Broca’s aphasia

GC: n

S: NCBI - https://www.ncbi.nlm.nih.gov/pubmedhealth/PMHT0027326/(external link) (last access: 10 June 2017); APHASIA - https://www.aphasia.org/aphasia-resources/brocas-aphasia/(external link) (last access: 1 March 2018).

N: 1. - Broca (pn): Paul Broca was a French pathologist, neurosurgeon, and anthropologist (1824 – 1880)
- aphasia (n): Loss of ability to speak, especially as result of brain injury or disorder, from Modern Latin aphasia, from Greek ἀφασία 'speechlessness' from a- 'without' + phasis 'utterance' from phanai 'to speak' related to pheme 'voice, report, rumor'.
2. Individuals with Broca’s aphasia have trouble speaking fluently but their comprehension can be relatively preserved. This type of aphasia is also known as non-fluent or expressive aphasia.
3. There are different types of aphasia:
  • Global aphasia: This is the most severe form of aphasia, and is applied to patients who can produce few recognizable words and understand little or no spoken language. Persons with Global Aphasia can neither read nor write.
  • Broca's aphasia (non-fluent aphasia): In this form of aphasia, speech output is severely reduced and is limited mainly to short utterances of less than four words. Vocabulary access is limited and the formation of sounds by persons with Broca's aphasia is often laborious and clumsy.
  • Mixed non-fluent aphasia: This term is applied to patients who have sparse and effortful speech, resembling severe Broca's aphasia.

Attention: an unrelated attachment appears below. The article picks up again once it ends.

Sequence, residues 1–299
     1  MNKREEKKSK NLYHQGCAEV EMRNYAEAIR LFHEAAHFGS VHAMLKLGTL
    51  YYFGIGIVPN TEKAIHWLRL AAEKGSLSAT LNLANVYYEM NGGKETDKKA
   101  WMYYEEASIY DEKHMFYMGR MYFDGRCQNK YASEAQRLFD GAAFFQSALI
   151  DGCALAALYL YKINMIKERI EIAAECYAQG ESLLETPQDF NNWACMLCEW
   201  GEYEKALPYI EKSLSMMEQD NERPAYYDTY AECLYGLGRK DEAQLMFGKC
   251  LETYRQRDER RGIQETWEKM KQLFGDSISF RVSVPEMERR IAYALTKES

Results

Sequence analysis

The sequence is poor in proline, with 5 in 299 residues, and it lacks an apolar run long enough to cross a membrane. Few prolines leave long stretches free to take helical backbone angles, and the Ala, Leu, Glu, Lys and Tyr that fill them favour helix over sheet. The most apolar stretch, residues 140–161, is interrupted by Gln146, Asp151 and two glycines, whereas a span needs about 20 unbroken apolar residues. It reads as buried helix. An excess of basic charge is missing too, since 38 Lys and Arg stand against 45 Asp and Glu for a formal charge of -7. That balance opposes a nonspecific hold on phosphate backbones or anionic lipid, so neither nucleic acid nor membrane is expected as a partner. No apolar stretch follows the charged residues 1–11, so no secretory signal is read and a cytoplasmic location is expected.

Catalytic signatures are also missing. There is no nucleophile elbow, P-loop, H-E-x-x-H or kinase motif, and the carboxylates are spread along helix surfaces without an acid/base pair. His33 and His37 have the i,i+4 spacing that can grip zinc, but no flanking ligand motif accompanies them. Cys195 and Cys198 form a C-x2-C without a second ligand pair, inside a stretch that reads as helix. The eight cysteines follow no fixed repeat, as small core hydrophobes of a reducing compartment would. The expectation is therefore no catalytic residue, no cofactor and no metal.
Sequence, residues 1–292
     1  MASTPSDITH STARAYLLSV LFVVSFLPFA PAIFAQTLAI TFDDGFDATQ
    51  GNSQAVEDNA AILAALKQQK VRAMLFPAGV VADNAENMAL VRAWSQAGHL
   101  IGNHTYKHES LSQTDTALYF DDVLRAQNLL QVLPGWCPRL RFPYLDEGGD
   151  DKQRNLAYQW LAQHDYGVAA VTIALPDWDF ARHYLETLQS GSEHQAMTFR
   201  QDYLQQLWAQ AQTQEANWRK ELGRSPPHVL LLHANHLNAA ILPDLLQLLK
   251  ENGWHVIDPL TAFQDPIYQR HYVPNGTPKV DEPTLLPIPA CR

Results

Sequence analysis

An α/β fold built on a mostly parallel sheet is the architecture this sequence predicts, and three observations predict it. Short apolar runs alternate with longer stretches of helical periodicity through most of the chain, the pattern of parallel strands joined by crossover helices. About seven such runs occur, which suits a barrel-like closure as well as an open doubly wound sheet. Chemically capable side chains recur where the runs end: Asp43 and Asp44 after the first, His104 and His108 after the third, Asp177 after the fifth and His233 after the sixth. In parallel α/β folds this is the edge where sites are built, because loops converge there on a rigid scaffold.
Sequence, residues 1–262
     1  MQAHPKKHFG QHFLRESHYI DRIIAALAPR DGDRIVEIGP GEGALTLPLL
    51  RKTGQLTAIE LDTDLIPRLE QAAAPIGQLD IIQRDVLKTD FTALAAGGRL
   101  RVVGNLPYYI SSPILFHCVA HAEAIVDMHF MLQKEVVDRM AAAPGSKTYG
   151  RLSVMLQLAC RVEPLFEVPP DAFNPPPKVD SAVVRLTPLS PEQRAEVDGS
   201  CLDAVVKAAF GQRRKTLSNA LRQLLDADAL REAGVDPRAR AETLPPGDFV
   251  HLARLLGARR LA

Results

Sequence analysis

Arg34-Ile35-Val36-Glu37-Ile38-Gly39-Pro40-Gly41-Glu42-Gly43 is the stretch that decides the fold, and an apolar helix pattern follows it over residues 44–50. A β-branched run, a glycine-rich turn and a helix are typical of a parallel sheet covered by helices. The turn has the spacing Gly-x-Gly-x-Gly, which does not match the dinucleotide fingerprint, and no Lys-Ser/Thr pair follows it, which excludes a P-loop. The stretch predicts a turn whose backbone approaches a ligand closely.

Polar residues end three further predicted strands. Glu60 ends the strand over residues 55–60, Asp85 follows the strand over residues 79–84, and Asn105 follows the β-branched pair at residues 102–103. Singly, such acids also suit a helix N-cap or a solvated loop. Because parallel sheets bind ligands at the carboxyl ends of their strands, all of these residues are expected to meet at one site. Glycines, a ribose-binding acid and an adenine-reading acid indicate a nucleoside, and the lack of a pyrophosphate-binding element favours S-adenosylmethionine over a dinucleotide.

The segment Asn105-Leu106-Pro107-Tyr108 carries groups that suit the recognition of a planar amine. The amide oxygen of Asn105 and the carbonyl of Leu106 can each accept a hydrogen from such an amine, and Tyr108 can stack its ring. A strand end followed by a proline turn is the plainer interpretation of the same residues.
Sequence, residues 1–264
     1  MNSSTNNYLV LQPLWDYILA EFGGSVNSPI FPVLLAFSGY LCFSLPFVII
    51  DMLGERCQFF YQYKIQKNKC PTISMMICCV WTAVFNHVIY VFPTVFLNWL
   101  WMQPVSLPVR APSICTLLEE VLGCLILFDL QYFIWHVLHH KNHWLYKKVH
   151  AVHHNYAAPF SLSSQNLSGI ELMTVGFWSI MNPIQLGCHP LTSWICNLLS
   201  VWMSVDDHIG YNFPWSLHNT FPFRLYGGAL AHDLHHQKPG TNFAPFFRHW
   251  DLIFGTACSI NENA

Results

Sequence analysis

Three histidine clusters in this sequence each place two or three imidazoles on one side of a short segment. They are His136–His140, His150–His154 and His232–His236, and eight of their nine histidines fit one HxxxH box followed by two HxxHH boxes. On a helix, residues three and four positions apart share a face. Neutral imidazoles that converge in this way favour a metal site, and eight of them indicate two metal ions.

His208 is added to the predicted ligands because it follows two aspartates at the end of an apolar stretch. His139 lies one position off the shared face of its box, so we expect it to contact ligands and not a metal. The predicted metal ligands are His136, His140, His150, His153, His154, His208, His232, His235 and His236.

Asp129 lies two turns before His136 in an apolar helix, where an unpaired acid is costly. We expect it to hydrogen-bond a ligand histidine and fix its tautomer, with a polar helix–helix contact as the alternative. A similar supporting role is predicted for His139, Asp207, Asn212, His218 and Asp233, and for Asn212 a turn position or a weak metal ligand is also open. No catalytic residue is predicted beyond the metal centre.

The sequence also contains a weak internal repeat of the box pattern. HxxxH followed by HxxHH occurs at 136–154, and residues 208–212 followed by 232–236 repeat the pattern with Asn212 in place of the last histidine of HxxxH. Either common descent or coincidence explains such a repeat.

• Wernicke's aphasia (fluent aphasia): In this form of aphasia the ability to grasp the meaning of spoken words is chiefly impaired, while the ease of producing connected speech is not much affected
  • Anomic aphasia: This term is applied to persons who are left with a persistent inability to supply the words for the very things they want to talk about-particularly the significant nouns and verbs.
  • Primary Progressive Aphasia (PPA) is a rare neurological syndrome in which language capabilities become slowly and progressively impaired, while other mental functions remain preserved.
  • Other varieties: Disorders of reading (alexia) or disorders affecting both reading and writing (alexia and agraphia), following a stroke. Severe impairments of calculation often accompany aphasia, yet in some instances patients retain excellent calculation in spite of the loss of language.
4. The lesion responsible is in opercular and insular cortex adjacent to Broca's area or subjacent white matter.
5. Broca's aphasia: Term recommended by the Medical Signs and Symptoms Committee (Canada).
6. Cultural Interrelation: Mentioned in House M. D. (episode 10 - Failure to Communicate, season 2; episode 12 - Chase, season 8).

S: 1. WNMDT - http://www.whonamedit.com/doctor.cfm/1982.html(external link) (last access: 10 June 2017); OED - http://www.etymonline.com/index.php?allowed_in_frame=0&search=aphasia(external link) (last access: 10 June 2017). 2 & 3. NAA - https://www.aphasia.org/aphasia-resources/brocas-aphasia/(external link) https://www.aphasia.org/aphasia-definitions/(external link) (last access: 10 June 2017). 4. & 5. TERMIUM PLUS - https://goo.gl/1BpFXA(external link) (last access: 20 March 2017). 6. http://www.housediseases.com/episodes-9-122.html(external link) (last access: 1 March 2018); TMH p. 63.

SYN: motor aphasia, expressive aphasia.

S: TERMIUM PLUS - https://goo.gl/1BpFXA(external link) (last access: 20 March 2017)

CR: aphasia


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